Snubber circuits for power electronic devices

Snubber circuits for power electronic devices

In a control system composed of power electronic devices, in addition to the protection circuit of the power electronic device described above, its buffer circuit is a very important auxiliary circuit.

Snubber Circuit is also known as Snubber Circuit. Its function is to suppress the internal overvoltage and du/dt or overcurrent and di/dt of the power electronic device, and reduce the switching loss of the device. In power electronic circuits, it is used to improve the voltage and current waveforms that power electronic devices are subjected to when they are turned on and off.

Usually, the power electronic devices in the power electronic device work in the switching state, and the turn-on and turn-off of the devices are not instantaneously completed. When the device is just turned on, the equivalent impedance of the device is large. If the device current rises quickly, it will cause a large turn-on loss; similarly, when the device is almost completely turned off, the current of the device is still relatively large, and if the voltage that the device is subjected to rises rapidly, it will also cause a large turn-off loss.

Switching losses can cause heating or even damage to the device, and for power transistors (GTRs), it can also lead to secondary breakdown of the device. In actual power electronic circuits, the turn-on current of power electronic devices is often increased due to the reverse recovery current of diodes and thyristors. Due to inductive loads or distributed inductance of wires, the devices are subjected to high induced voltages when they are turned off. Using a snubber circuit can improve the switching conditions of power electronic devices.

The basic working principle of the snubber circuit is to suppress the current rise rate of the device by using the characteristic that the inductor current cannot abruptly change, and to suppress the voltage rise rate of the device using the characteristic that the capacitor voltage cannot change abruptly. Figure 1a is a simple snubber circuit using IGBT as an example. Among them, Li is connected in series with the IGBT to suppress the current rise rate di/dt when the IGBT is turned on, and Ri and VDi form a freewheeling loop; capacitor CS and diodes VDS and RS form a charge-discharge RCD snubber circuit to suppress the rise rate du/dt of the terminal voltage when the IGBT is turned off. The resistor RS provides a discharge path for the capacitor CS.

Snubber circuits for power electronic devices
Figure 1 – Buffer circuit and waveforms

Figure 1b is the IGBT collector current and collector-emitter voltage waveforms during the switching process, and the dashed line represents the waveform when there is no snubber circuit. It can be seen from the waveform that the current rises rapidly when it is turned on, and the di/dt is very large. When it is turned off, the current of the external circuit will decrease sharply, and the inductance (including the wiring stray inductance) in the main circuit will generate a large induced electromotive force. This results in a high overshoot voltage peak at V during turn-off and a large du/dt. The solid line waveform in the figure represents the waveform when there is a snubber circuit. When V is turned on, CS first discharges to V through RS, so that the current ic has a small sudden change. Under the action of Li, the current ic rises slowly. When V is turned off, the load current charges CS through VDS, which shunts V. At the same time, since the capacitor voltage cannot be abruptly changed, du/dt and overvoltage are suppressed, and the peak overvoltage energy released by the inductor is absorbed.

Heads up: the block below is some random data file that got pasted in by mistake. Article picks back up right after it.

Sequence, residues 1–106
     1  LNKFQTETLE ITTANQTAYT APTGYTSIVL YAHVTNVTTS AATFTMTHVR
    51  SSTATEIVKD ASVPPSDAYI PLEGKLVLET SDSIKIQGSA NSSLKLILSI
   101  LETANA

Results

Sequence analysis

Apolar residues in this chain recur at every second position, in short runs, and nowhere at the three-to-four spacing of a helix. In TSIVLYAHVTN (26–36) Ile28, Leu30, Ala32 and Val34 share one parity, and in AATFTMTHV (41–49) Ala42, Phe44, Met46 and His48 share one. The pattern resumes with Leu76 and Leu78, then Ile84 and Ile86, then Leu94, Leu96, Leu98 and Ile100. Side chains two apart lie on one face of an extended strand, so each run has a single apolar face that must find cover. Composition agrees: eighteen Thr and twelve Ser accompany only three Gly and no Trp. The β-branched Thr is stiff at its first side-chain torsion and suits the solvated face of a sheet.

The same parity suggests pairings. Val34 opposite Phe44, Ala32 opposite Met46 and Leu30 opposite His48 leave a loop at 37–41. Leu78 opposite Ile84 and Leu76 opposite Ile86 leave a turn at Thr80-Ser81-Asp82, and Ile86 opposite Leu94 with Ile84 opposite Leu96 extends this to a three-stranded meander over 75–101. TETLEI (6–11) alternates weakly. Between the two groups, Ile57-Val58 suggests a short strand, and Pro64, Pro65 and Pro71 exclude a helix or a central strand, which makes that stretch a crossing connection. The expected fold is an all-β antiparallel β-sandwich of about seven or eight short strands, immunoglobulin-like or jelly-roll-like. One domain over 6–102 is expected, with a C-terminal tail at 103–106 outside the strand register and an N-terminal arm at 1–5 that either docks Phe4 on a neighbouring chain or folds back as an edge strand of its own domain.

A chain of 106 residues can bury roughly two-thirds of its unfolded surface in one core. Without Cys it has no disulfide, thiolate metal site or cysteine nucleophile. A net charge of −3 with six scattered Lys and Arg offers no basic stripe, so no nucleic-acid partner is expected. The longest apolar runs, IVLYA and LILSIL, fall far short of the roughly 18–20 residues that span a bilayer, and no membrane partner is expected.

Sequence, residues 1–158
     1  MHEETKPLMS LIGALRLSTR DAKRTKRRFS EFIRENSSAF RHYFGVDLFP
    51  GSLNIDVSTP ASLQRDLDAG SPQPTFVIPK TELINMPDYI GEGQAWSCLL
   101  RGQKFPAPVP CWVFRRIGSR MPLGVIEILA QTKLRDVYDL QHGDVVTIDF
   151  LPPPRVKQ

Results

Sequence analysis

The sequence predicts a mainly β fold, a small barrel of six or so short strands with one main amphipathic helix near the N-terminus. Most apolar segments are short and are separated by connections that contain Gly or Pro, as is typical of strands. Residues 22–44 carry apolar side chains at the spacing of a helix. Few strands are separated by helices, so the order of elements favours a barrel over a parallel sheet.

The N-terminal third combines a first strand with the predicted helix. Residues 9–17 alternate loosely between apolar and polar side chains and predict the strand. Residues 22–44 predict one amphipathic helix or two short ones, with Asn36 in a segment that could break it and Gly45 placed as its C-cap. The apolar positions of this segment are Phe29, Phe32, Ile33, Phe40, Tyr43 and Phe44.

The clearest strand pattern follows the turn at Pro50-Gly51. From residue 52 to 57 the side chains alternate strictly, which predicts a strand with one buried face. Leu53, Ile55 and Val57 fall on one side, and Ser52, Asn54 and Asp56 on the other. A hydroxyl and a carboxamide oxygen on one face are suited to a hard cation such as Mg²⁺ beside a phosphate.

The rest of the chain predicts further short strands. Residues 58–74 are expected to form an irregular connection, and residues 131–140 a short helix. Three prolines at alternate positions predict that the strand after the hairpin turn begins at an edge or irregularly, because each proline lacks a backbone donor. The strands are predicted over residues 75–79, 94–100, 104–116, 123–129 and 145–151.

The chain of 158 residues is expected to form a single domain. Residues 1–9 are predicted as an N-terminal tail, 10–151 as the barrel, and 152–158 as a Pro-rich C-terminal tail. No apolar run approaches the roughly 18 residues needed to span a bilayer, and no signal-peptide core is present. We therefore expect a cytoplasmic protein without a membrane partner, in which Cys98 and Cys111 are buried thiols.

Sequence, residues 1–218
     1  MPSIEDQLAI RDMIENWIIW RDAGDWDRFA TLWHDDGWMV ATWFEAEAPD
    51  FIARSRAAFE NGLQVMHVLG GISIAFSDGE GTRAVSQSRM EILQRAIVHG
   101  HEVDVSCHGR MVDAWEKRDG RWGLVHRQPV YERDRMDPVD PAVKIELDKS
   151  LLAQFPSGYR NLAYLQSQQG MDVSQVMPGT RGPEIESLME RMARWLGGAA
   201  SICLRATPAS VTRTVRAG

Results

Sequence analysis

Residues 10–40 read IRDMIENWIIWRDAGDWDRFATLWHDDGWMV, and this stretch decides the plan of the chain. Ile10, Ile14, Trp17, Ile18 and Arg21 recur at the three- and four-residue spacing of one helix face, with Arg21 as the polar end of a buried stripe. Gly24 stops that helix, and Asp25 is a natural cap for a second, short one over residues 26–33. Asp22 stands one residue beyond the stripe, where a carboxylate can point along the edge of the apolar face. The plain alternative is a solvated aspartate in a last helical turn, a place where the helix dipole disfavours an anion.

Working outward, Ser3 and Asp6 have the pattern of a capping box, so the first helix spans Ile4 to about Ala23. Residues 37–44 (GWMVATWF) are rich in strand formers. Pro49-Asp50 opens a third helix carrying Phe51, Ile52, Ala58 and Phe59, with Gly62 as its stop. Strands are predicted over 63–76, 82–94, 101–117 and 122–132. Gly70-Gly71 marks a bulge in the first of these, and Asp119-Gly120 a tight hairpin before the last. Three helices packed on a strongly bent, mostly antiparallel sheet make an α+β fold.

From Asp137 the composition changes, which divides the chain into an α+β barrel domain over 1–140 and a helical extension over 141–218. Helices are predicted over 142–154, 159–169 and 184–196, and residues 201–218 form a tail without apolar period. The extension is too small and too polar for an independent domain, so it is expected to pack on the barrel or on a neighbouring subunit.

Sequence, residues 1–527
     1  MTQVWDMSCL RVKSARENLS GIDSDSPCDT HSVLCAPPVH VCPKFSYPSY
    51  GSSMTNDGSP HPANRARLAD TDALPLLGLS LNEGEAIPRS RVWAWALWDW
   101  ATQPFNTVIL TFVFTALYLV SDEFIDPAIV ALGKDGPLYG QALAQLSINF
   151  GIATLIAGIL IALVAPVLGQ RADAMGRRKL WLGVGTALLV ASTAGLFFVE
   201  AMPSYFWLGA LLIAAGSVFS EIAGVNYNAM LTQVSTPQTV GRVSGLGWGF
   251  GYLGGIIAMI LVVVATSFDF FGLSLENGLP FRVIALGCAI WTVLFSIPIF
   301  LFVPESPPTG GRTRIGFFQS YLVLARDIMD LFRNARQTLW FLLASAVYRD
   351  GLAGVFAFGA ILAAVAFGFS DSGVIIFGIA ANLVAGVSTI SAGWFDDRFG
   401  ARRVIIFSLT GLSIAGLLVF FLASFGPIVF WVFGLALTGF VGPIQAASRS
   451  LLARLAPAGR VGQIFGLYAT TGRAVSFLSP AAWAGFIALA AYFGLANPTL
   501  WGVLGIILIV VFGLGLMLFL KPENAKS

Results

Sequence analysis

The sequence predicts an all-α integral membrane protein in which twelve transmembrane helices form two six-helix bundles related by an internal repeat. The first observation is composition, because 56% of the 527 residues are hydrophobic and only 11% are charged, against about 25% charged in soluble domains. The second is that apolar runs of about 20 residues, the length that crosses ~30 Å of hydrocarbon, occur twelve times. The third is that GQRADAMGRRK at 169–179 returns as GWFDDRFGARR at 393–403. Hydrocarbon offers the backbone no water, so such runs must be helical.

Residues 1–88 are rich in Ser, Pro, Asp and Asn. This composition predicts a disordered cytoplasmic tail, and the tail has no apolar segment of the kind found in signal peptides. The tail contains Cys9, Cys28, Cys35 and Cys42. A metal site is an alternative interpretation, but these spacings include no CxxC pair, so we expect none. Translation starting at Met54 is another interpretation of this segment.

The reason why the snubber circuit can reduce the switching loss is to transfer the switching loss from the device itself to the snubber circuit. According to the direction of the transferred energy, the snubber circuit can be divided into energy-consuming and energy-feeding snubber circuits: the energy-consuming snubber circuit consumes the absorbed energy on the resistor; the energy-feeding snubber circuit feeds the absorbed energy back to the load or power supply. This type of circuit has high efficiency, but the circuit is complex and is rarely used in practice.

Snubber circuits come in many forms to suit different devices and different circuits. The snubber circuit shown in Figure 1a is called a charge-discharge RCD snubber circuit, which is suitable for medium-capacity applications. The RC snubber circuit in Figure 2a is mainly used for small-capacity devices, and the discharge-preventing RCD snubber circuit in Figure 2b is used for medium and large-capacity devices.

Snubber circuits for power electronic devices
Figure 2 – Commonly used snubber circuit

The values of CS and RS in the buffer circuit can be determined experimentally or refer to relevant engineering manuals. VDS must use a fast recovery diode, and its rated current should not be less than 1/10 of the rated current of the main circuit device.

In actual use, the thyristor generally only bears commutation overvoltage, there is no turn-off overvoltage problem, and there is no large du/dt when it is turned off. Generally, an RC absorption circuit is used.

For large-capacity devices with relatively low operating frequencies such as thyristors and GTRs, it is often necessary to turn on the snubber circuit; for those high-frequency devices, the stray inductance of the line can play the role of turning on the snubber, and it is usually not necessary to turn on the snubber circuit.